Damaso v. PSI Peripheral Solutions Inc., 2013 ONSC 6923 (Ont. S.C.J.) is an interesting case involving a claim for constructive dismissal essentially resulting from the employer giving the employee too much work.
Facts of the Case
Mr. Damaso started working for PSI Peripheral Solutions Inc. (“PSI”) in May 1999 as a Field Service Technician and Computer Technician. According to the job description, his position involved servicing in-house LAN networking, related software and hardware issues, and PSI’s product line of computerized high-speed envelope printers.
Over time, PSI progressively gave Mr. Damaso more duties and responsibilities. Eventually, Mr. Damaso raised concerns over the inappropriate workload and the feeling that he was working beyond capacity, particularly in the absence of a pay raise. In response, PSI asserted that the additional duties were simply a natural extension of Mr. Damaso’s position when he was first hired.
Mr. Damaso continued to express his concerns and three months later, on May 13, 2011, PSI gave Mr. Damaso a letter informing him that his employment would be terminated after twelve months of working notice. During the working notice period, Mr. Damaso was required to continue to perform all of the responsibilities previously assigned to him by PSI.
On May 15, 2011, Mr. Damaso went on sick leave and sought counselling on the recommendation of his family doctor. After the last of the counselling sessions, on September 26, 2011, Mr. Damaso wrote to PSI and took the position that he was constructively dismissed.
Issues Before the Court
At trial, Justice McEwen concluded that PSI constructively dismissed Mr. Damaso by way of the May 13, 2011 termination letter which required him to continue to perform the additional duties. At paragraph 22, Justice McEwen wrote “these extra duties could not possibly have been contemplated in the 1999 position description. Furthermore, I accept that the additional duties that were put on Damaso by PSI… did overburden him to the extent that he was unable to complete all of the tasks.” At paragraph 33, the judge stated “PSI had altered his position with the company in a fundamental way by adding to his duties when it was undergoing financial difficulties to the extent that he could no longer meaningfully satisfy the job requirements given the hours of work required to do so.”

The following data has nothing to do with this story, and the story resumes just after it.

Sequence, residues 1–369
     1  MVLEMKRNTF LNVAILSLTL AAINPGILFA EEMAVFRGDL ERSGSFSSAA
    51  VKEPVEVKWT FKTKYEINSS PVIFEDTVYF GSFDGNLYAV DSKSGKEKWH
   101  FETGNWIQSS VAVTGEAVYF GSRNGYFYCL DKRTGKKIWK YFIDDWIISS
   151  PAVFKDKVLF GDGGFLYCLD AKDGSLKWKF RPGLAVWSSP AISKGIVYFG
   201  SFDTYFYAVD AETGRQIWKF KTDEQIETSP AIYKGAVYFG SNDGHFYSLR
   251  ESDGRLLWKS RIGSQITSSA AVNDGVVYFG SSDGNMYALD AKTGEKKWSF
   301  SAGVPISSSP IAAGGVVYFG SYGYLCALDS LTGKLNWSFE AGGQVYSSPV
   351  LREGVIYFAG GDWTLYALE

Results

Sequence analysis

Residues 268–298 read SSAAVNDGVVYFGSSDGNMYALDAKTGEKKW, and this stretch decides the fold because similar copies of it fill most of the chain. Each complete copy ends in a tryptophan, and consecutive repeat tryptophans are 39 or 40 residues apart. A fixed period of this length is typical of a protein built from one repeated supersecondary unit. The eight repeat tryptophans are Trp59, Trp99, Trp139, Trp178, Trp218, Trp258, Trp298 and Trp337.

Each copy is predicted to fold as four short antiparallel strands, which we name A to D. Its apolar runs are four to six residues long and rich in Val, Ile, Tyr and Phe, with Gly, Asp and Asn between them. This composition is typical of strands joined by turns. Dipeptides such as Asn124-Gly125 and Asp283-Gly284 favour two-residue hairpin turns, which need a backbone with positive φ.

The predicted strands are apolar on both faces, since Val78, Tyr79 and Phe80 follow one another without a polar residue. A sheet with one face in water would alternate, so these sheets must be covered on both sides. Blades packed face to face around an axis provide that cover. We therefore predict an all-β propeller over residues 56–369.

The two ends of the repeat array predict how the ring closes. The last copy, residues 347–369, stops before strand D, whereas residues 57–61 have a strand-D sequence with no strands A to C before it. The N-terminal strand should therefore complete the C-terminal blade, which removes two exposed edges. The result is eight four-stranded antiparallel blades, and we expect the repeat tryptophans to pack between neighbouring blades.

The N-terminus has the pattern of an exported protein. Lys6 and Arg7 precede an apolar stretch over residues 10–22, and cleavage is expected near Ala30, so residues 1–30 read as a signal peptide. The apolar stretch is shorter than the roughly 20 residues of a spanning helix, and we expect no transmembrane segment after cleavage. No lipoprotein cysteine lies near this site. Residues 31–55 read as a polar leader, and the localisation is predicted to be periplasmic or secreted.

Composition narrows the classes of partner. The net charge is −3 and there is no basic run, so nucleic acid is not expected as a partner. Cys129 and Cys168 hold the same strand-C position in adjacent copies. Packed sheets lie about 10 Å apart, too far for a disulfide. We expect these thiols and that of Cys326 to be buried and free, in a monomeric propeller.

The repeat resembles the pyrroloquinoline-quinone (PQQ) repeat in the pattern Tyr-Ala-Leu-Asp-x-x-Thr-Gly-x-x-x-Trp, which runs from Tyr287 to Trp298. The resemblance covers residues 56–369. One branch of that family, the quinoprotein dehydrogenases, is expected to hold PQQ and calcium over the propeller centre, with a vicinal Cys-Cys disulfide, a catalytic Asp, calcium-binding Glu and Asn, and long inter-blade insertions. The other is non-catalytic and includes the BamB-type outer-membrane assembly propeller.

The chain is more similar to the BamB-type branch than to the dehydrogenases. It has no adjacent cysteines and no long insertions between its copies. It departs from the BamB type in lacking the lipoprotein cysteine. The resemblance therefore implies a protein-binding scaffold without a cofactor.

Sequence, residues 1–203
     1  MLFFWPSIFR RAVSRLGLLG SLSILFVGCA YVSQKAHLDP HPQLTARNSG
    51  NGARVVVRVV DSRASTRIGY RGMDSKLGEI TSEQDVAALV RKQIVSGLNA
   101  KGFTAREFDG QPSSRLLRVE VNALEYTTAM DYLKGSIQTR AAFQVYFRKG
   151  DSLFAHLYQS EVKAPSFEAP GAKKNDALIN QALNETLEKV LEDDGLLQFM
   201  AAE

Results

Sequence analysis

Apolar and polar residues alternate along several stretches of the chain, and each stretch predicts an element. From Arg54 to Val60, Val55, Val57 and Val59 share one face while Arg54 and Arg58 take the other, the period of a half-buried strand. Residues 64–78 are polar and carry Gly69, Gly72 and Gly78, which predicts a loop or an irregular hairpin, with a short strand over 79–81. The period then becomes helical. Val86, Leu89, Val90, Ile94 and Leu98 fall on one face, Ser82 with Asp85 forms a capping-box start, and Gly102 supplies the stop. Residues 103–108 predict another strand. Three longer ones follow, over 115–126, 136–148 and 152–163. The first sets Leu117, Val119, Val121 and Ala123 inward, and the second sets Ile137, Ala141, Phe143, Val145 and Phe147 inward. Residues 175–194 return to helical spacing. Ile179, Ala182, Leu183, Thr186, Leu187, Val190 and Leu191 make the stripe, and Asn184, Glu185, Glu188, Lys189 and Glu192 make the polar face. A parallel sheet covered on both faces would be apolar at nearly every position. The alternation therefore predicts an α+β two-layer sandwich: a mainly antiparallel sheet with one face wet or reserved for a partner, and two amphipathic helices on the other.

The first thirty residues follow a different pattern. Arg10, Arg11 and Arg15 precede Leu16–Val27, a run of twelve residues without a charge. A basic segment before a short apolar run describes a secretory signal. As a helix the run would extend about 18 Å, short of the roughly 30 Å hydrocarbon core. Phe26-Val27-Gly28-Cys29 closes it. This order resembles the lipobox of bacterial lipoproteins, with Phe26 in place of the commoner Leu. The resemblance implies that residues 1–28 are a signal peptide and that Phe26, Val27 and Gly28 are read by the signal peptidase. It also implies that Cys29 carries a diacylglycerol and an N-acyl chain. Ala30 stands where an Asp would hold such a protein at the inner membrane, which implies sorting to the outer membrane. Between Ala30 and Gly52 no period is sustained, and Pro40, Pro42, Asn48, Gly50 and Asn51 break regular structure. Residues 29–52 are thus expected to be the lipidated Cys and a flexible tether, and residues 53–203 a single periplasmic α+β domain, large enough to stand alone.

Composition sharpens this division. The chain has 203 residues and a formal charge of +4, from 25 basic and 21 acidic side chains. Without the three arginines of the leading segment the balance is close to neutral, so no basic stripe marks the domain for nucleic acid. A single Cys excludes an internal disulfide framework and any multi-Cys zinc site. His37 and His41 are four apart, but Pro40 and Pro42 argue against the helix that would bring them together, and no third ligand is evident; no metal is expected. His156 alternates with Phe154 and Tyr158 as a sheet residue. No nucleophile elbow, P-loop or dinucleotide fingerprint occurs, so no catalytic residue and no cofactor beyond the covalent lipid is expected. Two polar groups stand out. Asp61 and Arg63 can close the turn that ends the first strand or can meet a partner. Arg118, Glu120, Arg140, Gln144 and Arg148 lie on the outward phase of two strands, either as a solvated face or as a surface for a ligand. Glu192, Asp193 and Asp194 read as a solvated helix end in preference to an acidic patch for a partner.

Mr. Damaso was 47 years old at the time that his employment ended. He was a mid-level employee with 12 years of service. Although he had no direct reports, his technical position was important but not crucial to the financial performance of the company. Based on the various Bardal factors, Justice McEwen concluded that a notice period of 12 months was reasonable.
The take-away from this decision is that employers should be careful about the extent of additional duties that they give to employees. The law recognizes that employers are entitled to some latitude in order to meet the needs of their business. The question, however, is whether or not the extra duties constitute a fundamental change to the job description that the employee previously agreed to.
With the coming of a new year, many companies seek to create efficiencies in order to achieve new goals and targets. One way is to streamline the workforce and re-shuffle the duties of their employees. However, unless carefully managed, this strategy can lead to problems, including constructive dismissal claims. There are ways to avoid these problems and competent employment counsel can assist in this regard.
This article is intended only to provide general information and does not constitute legal advice. Should you require advice specific to your situation, please feel free to contact me to discuss the matter further.